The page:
Rep. Ryan’s plan will replace the current individual income tax rates with two rates: 10% and 25%; lower the corporate income tax from 35% to 25%; and make it easier for multinational corporations to reduce their tax liability on foreign profits.  The President’s plan calls for an increase in the top-tier individual tax rate from 36% to 39.6%; and a reduction of the corporate income tax rate to 28%.

In the area of spending, Rep. Ryan’s plan aims at reversing the President’s planned defense cuts and appropriating $554 billion for defense in fiscal 2013. The plan will  reduce overall government spending by 1.2% and 1.3% of GDP in fiscal 2013 and 2014 respectively, in spite of the fact that it will reverse most of the cuts planned under “sequestration” in 2013 and spread other cuts over 10 years. The President’s budget assumes that the sequester is not implemented, and his spending cuts are modest compare to Ryan’s.

On Medicare, Rep. Ryan’s plan calls for the gradual raising of the eligibility age to 67 and giving those younger than 55 years the chance to opt out and participate in a federally supervised private voucher system. It also calls for significant changes in the structure of Medicare but this will not take effect until after the 10 year window Congress uses to evaluate fiscal policy. The President’s plan will leave the current system largely unchanged but will raise premiums or copays for the top income earners.  While the Ryan plan calls for turning Medicaid into a Block grant for the states, allowing them the flexibility in how much coverage they offer their residents and whom they cover, the President’s plan would keep it as is because his planned expansion of Medicaid was struck down in the Supreme Court ruling on the Patient Protection and Affordable Care Act. Given these differences, the question is which of the two budget plans is better for America?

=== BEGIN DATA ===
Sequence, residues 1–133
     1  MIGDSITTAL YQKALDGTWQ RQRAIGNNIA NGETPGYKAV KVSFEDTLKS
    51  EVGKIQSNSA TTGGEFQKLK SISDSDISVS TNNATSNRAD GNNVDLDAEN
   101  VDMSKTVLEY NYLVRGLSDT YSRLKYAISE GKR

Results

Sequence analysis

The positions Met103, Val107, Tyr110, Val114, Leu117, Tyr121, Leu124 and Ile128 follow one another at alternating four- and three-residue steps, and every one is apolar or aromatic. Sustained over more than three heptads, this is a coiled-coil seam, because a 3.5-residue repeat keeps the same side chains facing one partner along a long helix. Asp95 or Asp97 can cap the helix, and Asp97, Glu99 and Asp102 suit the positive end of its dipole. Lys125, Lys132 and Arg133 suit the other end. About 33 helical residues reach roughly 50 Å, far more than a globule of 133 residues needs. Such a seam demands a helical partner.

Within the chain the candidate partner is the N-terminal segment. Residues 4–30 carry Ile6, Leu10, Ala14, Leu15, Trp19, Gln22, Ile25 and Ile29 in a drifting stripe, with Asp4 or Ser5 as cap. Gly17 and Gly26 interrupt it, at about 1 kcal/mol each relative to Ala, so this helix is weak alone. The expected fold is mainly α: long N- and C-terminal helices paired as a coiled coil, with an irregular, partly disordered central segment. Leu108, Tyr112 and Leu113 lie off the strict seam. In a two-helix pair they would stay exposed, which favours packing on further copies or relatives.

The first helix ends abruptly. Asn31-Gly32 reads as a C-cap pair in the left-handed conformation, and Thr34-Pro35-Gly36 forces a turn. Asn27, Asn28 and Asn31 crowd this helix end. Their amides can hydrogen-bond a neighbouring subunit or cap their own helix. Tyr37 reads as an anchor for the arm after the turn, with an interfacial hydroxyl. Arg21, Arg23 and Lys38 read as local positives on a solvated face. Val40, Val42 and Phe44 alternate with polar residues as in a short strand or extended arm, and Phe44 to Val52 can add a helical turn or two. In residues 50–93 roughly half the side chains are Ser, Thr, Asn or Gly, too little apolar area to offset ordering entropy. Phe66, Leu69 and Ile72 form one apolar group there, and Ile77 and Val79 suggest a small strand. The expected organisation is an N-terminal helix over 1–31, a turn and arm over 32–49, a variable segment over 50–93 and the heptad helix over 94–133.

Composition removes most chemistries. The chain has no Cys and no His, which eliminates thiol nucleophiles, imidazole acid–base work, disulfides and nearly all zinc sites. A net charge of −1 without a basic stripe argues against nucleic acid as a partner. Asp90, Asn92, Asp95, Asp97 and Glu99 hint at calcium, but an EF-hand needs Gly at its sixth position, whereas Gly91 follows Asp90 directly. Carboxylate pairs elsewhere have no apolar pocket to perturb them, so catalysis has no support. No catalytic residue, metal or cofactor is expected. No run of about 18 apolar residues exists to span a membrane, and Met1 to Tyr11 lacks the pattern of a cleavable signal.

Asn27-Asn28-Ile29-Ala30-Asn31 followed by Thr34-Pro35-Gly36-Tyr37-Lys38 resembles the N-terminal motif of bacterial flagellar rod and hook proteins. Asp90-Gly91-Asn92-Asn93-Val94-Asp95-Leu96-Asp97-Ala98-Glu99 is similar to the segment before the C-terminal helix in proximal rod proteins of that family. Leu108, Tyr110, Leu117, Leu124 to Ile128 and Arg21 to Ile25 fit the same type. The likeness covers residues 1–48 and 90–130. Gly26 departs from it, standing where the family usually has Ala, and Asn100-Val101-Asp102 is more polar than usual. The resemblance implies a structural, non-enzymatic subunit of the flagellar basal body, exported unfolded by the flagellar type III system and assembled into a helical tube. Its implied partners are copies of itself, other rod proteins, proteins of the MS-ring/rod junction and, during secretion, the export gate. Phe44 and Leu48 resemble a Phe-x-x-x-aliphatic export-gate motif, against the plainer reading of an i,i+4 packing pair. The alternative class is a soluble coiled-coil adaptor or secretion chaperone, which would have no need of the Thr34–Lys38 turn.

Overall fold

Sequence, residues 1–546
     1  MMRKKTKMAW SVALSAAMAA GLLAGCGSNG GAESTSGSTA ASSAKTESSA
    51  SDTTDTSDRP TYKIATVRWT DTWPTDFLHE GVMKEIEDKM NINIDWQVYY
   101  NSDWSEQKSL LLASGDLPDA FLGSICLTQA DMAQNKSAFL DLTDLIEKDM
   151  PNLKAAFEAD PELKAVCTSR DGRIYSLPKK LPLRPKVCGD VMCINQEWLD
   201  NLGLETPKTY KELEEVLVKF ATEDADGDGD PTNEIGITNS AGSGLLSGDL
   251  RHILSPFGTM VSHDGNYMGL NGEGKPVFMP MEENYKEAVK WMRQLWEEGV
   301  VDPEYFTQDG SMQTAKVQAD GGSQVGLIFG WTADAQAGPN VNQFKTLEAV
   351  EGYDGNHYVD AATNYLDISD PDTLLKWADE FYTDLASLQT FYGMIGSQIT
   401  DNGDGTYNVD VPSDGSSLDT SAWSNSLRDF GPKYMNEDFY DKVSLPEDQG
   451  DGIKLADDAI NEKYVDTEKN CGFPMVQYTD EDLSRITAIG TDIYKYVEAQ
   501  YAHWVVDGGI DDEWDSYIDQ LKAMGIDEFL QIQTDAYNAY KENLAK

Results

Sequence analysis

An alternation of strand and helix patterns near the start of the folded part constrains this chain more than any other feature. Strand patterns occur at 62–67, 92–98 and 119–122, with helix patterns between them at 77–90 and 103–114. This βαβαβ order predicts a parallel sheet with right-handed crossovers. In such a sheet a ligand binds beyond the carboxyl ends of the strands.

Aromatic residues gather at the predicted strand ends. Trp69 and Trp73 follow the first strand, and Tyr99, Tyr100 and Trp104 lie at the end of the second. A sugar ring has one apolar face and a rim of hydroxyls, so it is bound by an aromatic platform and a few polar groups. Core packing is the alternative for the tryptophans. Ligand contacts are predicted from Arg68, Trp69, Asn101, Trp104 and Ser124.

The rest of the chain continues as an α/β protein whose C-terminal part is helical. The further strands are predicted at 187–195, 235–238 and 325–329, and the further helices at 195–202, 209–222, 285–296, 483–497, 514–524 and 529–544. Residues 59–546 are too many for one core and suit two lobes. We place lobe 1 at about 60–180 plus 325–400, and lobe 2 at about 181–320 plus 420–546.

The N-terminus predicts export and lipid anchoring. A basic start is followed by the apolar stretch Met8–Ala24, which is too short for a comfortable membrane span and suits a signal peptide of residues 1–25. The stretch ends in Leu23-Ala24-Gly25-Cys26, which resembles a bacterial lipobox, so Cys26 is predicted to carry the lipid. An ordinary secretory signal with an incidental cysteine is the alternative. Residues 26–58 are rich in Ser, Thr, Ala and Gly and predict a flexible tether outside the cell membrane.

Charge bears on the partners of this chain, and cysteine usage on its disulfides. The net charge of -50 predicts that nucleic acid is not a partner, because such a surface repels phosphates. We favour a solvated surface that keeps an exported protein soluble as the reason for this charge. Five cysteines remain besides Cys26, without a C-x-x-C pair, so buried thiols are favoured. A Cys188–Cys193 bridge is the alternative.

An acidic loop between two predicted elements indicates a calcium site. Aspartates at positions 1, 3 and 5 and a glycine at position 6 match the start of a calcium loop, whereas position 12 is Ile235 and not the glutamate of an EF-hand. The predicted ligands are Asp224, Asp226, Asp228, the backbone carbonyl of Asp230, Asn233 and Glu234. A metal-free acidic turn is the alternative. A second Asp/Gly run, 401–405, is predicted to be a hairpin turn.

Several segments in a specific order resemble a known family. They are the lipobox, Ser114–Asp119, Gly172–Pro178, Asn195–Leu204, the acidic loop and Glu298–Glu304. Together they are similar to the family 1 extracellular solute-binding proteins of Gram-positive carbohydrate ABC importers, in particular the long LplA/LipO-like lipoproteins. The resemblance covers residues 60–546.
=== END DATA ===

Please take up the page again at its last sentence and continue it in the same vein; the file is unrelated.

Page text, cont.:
In an independent study that compares the fiscal paths under Rep. Ryan’s budget plan and the President’s proposal, relative to an extension of current fiscal policy, the Goldman Sachs Global Economics Research team concluded that both budget plans would reduce the deficit significantly relative to current policy. A review of the study findings shows the President’s budget would nearly eliminate the primary deficit (spending excluding interest expense would be nearly equal to
revenues),  by 2018 while Rep. Ryan’s plan will would achieve a primary balance by 2015 and a primary surplus by 2018. It also reveals that compared with current policy, both proposals would impose greater fiscal restraint in 2013 and 2014, that revenues would rise under both proposals in 2013, but would keep rising under the President’s budget, and that spending would come down more quickly under the Ryan budget.